I think your More Powerful Friends Themes idea would make a brilliant LEGO® set, but for legal reasons we can’t use it! We have a team of experts in Denmark whose job it is to dream up new LEGO sets, themes and toys. They tell me it actually takes years to plan everything. They need to test all the new ideas, talk to the factory about how to make them, work out what sort of box is needed and then deliver the new sets to all the shops in 130 countries! This means that there’s a good chance they’re already working on something similar to your idea.
We are working on lots of other themes for the Friends line. I think that you will be very please where this story goes and what happens to the friends.  We are very aware that girls are very powerful and need to be represented as such.
We’re really sorry but since you’re under 13 years of age we’re going to have to delete your email address and comments from our LEGO database after we’ve sent you this email.
We’re not being mean, there’s a law called the Children’s Online Privacy Protection Act (COPPA) and it’s been set up to keep you safe when you’re on the Internet. One of COPPA’s rules is that it’s against the law for us to save your emails.
Remember you can still find out all about our cool events and new LEGO products at


Thank you again for contacting us.  If you have any further questions, please feel free to call one of our friendly Customer Care Advisors at 1-800-835-4386 (from within the US or Canada) or 1-860-749-0706 (from outside the US or Canada). We are available Monday through Friday from 8AM – 10PM EST and Saturday through Sunday from 10AM to 6PM EST.

LEGO Direct Consumer Services


And then the letter from Lily’s big brother, Noah.
 Dear Lego,
I am writing to you about the new Friends sets. Let’s have some REAL mini-figs. And all the girls should be more POWERFUL. Not all, ‘Mom, I’m going to get a makeover. Dad, I’m going to the mall.’  NO WAY. I know a lot of girls who would think of that as TORTURE. My friend, Grace, plays music and loves history. My friend, Kate, is great at basketball. My sister, Lily, is really creative and is the best tree climber in the neighborhood.

 I would like the girls going to the moon and making friends with aliens, or crawling through creepy underground tunnels, or exploring ancient Mayan temples, or traveling the world.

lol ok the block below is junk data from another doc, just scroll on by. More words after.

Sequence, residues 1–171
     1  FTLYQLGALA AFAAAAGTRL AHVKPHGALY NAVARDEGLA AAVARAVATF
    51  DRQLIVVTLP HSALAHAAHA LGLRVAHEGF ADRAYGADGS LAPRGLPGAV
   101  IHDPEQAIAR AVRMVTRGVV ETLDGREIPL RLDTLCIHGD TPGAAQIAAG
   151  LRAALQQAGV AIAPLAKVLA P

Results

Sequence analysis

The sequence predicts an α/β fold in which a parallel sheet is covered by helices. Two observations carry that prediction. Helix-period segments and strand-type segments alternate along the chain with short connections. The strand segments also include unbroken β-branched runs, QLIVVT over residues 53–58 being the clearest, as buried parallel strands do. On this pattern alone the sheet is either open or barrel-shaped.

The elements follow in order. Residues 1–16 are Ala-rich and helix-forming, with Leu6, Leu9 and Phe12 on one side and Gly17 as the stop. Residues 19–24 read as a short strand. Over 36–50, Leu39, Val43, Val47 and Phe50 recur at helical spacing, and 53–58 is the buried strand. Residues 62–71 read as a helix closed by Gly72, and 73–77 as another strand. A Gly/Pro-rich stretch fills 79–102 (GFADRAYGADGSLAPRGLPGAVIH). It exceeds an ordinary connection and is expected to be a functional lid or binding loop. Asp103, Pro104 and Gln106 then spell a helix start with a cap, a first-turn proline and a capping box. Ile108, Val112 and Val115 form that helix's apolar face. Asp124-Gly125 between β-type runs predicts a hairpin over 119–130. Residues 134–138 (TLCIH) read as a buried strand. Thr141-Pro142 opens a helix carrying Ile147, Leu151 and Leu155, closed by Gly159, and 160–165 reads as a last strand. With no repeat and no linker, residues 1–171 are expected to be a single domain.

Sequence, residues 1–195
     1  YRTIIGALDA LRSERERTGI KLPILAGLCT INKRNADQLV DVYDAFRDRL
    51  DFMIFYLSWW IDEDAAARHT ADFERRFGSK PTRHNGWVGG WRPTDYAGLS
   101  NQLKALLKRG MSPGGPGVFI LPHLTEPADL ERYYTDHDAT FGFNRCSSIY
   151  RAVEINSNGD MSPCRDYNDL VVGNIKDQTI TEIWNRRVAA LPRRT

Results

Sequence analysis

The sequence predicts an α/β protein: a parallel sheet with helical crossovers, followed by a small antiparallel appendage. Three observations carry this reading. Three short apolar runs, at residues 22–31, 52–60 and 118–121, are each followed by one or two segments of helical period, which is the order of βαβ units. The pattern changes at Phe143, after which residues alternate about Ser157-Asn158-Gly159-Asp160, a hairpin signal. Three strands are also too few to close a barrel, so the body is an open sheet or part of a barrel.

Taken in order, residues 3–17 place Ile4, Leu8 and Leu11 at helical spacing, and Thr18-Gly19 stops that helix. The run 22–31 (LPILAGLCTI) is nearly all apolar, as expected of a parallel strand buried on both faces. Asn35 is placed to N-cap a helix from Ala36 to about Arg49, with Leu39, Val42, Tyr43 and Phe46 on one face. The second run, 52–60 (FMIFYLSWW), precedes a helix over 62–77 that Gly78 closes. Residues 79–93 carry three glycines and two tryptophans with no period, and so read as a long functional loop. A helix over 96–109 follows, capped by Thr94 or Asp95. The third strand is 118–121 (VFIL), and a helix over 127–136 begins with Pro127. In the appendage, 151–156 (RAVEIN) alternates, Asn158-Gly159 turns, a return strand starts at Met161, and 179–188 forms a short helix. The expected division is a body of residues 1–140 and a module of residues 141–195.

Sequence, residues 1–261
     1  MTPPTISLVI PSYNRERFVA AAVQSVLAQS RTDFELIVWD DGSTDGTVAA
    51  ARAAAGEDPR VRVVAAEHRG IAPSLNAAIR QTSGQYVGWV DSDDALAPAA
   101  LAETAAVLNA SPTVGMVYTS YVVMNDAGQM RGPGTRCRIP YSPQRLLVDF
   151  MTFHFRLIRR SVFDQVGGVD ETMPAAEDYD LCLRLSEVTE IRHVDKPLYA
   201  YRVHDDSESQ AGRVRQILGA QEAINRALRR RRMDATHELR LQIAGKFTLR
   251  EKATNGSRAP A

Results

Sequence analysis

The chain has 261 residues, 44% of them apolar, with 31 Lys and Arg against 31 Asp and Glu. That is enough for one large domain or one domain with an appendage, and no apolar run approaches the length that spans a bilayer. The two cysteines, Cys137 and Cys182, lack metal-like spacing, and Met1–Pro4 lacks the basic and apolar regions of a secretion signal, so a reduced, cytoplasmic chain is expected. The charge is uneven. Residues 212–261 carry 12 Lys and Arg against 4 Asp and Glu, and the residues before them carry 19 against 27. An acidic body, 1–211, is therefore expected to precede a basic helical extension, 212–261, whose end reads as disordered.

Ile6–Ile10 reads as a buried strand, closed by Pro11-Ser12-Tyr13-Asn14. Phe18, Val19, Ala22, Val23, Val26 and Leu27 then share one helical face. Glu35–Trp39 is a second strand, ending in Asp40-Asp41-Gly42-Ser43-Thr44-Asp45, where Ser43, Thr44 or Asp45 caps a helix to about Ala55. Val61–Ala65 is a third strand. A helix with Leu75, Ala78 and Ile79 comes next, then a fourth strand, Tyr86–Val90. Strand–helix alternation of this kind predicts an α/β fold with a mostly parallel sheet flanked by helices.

Noah H.  (Brother of Lily H.)

9 Year Old Lego Builder



Thanks for your interest in our products.

We’re really sorry to hear that you’re disappointed with your new LEGO Friends line. We try really hard to give LEGO fans what they want an we are glad you let us know when you feel we are not getting it right.

We have a team of experts in Denmark whose job it is to invent and test new LEGO sets, themes and toys. They tell me it takes years to check everything. They need to test all the new ideas, talk to the factory about how to make them, work out what sort of box it needs to go in and then deliver the new sets to all the shops in 130 countries!

As you can see, a lot of thought goes into your toys and although LEGO toys aren’t the cheapest in the shop, I hope you understand we invent and make LEGO sets to last a lifetime, or even longer!

We’re really sorry but since you’re under 13 years of age we’re going to have to delete your email address and comments from our LEGO database after we’ve sent you this email.

We’re not being mean, there’s a law called the Children’s Online Privacy Protection Act (COPPA) and it’s been set up to keep you safe when you’re on the Internet. One of COPPA’s rules is that it’s against the law for us to save your emails.

Remember you can still find out all about our cool events and new LEGO products at

Thank you again for contacting us.  If you have any further questions, please feel free to reply to this email or call one of our friendly Customer Care Advisors at 1-800-835-4386 (from within the US or Canada) or 1-860-749-0706 (from outside the US or Canada). We are available Monday through Friday from 8AM – 10PM EST and Saturday through Sunday from 10AM to 6PM EST.  Please have your reference number handy if you need to get in touch with us: 030232427A

LEGO Direct Consumer Services


 I am again left with several questions for Lego:

1) Why do you not address the specific concerns expressed by children and consumers when they take the time to communicate with your company?
2) Is it too much to ask that you address children by their name when you reply to them? Respect their personhood.